The DrScore researchers performed an analysis to determine the independent contributions of different variables such as age, gender, first or return visit, routine or emergent care, wait time, time with doctor and the doctor’s friendly/caring attitude. Wait time and time with doctor were statistically significant, but their contribution to overall satisfaction was small, each accounting for only about 10 percent of the variance in patient satisfaction. In contrast, the doctor’s friendly/caring attitude was the strongest contributor to patient satisfaction, accounting for more than three-fourths of the variance in patient satisfaction/doctor rating scores.

“Tips 1 and 2 don’t matter nearly as much as Tip 3,” Dr. Feldman said. “Every time, before a doctor walks into the exam room, he or she should pause and think: ‘How am I going to make this patient feel cared for today?’ And ‘how can I make sure they realize I am a friendly, caring doctor?”

About DrScore.com

Founded by Steve Feldman, M.D., DrScore.com is an interactive online survey site where patients can rate their physicians, as well as find a physician based on their service level preference. DrScore’s mission is to improve medical care by giving patients a forum for rating their physicians, and by giving doctors an affordable, objective, non-intrusive means of documenting the quality of care that they provide. For more information, visit www.drscore.com.

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DrScore has shown time and again that doctors’ conventional wisdom about doctor rating — that only unhappy patients will rate their doctors online — is completely wrong.  The most common overall satisfaction score that patients give their doctors is a perfect 10.  The next most common score is 9.  Of doctors with 10 or more ratings, the average score is just over 9.3 out of 10.  And if a doctor wants to make the annual “America’s Most Loved Health Care Providers” in the United States, he or she will have to have a score well over 9.9 out of 10.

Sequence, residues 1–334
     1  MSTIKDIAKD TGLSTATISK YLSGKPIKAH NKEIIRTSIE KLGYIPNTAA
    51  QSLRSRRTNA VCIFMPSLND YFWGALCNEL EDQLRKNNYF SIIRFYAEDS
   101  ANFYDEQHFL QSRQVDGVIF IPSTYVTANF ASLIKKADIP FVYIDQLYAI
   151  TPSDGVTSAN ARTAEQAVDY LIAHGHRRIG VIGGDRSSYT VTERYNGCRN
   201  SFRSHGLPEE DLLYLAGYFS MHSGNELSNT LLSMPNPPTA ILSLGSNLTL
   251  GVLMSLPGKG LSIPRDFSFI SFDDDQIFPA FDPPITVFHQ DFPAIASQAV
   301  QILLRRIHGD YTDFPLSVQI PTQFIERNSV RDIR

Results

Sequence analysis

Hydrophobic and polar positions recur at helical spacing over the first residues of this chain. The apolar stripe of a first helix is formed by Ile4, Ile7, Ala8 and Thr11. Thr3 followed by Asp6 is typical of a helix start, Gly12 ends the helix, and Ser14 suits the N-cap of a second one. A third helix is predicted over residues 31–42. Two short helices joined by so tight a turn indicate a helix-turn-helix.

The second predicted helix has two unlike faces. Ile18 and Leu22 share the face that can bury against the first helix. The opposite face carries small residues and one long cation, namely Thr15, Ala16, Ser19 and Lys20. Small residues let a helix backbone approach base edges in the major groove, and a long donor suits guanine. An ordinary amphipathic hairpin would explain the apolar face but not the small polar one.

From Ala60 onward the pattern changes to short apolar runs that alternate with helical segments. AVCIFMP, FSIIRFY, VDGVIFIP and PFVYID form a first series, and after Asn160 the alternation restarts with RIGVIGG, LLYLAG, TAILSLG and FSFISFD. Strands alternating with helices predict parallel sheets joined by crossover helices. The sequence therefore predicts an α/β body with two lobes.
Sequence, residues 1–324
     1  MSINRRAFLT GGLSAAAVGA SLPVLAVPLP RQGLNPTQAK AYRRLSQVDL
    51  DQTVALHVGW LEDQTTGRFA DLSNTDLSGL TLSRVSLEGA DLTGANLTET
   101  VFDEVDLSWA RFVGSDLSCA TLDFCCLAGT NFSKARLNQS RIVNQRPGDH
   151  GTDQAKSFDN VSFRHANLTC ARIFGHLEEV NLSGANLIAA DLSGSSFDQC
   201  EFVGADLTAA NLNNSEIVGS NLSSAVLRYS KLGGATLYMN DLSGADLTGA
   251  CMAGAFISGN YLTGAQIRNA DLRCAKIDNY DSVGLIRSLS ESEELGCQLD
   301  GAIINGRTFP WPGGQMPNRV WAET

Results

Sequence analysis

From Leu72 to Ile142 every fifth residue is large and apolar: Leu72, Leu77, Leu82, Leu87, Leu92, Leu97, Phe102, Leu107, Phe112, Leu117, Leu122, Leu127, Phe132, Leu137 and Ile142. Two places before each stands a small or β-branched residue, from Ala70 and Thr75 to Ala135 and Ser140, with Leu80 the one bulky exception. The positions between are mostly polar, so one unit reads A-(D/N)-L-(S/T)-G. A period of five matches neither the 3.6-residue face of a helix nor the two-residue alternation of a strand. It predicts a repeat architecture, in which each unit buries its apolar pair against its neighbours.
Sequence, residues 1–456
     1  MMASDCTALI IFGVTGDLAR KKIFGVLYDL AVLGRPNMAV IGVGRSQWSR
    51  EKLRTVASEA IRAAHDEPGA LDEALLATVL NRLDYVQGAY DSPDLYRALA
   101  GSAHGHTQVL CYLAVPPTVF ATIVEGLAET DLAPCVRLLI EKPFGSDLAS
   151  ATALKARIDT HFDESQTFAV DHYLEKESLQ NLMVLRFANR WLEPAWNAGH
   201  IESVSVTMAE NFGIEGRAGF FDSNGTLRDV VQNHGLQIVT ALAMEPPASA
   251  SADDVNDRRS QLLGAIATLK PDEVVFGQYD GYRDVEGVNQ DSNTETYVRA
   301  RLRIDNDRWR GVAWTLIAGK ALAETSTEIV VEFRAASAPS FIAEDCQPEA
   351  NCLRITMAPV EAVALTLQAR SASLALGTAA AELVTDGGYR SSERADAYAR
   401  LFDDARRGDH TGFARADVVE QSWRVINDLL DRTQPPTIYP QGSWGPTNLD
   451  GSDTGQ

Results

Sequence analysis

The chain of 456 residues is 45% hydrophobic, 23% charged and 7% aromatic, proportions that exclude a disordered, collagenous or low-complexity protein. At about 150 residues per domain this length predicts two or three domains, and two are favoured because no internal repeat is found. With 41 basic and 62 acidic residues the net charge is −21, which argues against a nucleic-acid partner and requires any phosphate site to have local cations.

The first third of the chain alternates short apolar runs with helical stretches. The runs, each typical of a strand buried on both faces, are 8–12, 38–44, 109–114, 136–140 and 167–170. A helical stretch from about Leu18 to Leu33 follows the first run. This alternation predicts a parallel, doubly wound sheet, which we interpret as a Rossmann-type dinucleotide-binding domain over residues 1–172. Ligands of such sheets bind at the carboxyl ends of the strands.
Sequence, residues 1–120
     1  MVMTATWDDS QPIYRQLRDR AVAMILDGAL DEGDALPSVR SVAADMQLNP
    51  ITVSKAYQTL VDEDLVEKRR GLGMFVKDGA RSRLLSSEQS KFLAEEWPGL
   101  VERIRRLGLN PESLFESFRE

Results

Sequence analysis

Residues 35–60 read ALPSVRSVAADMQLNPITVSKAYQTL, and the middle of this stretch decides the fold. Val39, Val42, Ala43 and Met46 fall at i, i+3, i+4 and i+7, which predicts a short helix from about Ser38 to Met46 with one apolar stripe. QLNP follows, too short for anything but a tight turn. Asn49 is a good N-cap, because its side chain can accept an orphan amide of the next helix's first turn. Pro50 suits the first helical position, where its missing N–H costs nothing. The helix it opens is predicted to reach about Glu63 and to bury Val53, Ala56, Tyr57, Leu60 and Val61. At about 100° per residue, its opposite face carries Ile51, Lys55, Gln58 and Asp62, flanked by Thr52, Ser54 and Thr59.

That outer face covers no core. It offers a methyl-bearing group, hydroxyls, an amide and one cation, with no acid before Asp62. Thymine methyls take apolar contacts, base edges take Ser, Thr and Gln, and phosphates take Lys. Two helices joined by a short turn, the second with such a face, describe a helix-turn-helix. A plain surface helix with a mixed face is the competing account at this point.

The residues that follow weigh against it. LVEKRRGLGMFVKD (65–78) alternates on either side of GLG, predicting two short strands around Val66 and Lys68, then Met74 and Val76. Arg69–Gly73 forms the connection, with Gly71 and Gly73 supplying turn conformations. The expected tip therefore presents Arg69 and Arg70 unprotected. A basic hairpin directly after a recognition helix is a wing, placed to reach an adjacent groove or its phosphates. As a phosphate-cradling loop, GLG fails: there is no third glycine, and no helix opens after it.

So. if so many people are so thoroughly happy with their doctors, why do we need online doctor rating at all?
First, the public wants to know (and doctors need the public to know) how well doctors are doing.  The newspaper is never going to publish a front page news story with a title like, “John Smith Sees Dr. Jones and Has a Wonderful Office Visit.”  No, if the newspaper publishes a front-page story about a doctor, It is most likely negative, leading people’s perceptions about quality of care to get quite warped.

Transparency is good for medicine.
Second, getting feedback from patients online is easy, efficient and helps doctors do what doctors want to do most: give patients great care. DrScore’s interactive survey makes it possible for doctors to get the detailed feedback they need — both positive and negative criticism —t o make their medical practice better from patients’ perspectives.

In all honesty, I don’t think Nordstrom’s or Disney would be happy with a score of just 9 out of 10, with one in 10 or one in 20 customers being distressed with their experience.  We in medicine can — and should — be aiming higher, trying to give all patients what they consider a perfect, caring medical experience.

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Medicine is a science, but it is also a highly personal experience.

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I noticed on the back of a banker’s business card it said:

“Reliable, responsive, empathtic and competent service.”

We docs are trained to give competent service: the right diagnosis, the right medicine and skilled surgery.  But like the customers in a bank, our patients also deserve our attention to reliability, responsiveness and empathy.

Yes, medicine is a science, but it is also a highly personal experience.

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I have two amazing colleagues who specialize in skin surgery.  I send many patients their way, and uniformly those patients return telling me how awesome my colleagues are.

Just the other day, I asked one of these patients what was so special.  He said they were terrific, that everything about their office was terrific, that their nurses were terrific.  He loved the way they carefully explained everything they were doing and how the nurse held his hand during the procedure.

I’m sure the surgery was good, too, but what this patient noticed, what all patients notice, is personal care. If your physician provided great personal care for you, please tell him or her. Go to www.drscore.com and take the quick online survey to rate your physician.

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I lectured to physicians the other night about a new medication.  The event was held at a Ruth’s Chris steakhouse.  The food, facilities and service were all outstanding, contributing to a terrific event (the best part, of course, being the lecture I gave 🙂 ).  After the talk, I noticed a large sign place prominently in a hallway used by employees of the restaurant.

The sign said:

Ruth’s Non-Negotiable Traits

  • Optimistic Warmth
    We are stewards of hospitality who radiate genuine kindness and compassion while maintaining our positive outlooks!
  • Team Play (muy importante!)
    We, not I, Us, not Me
    We seek opportunities to make each other look good while exceeding our guests’ expectations
    Be very aware of all our guests
    We value each other
    Smile! Relax!

I think this message would fit very well in the staff lounge of our medical practice.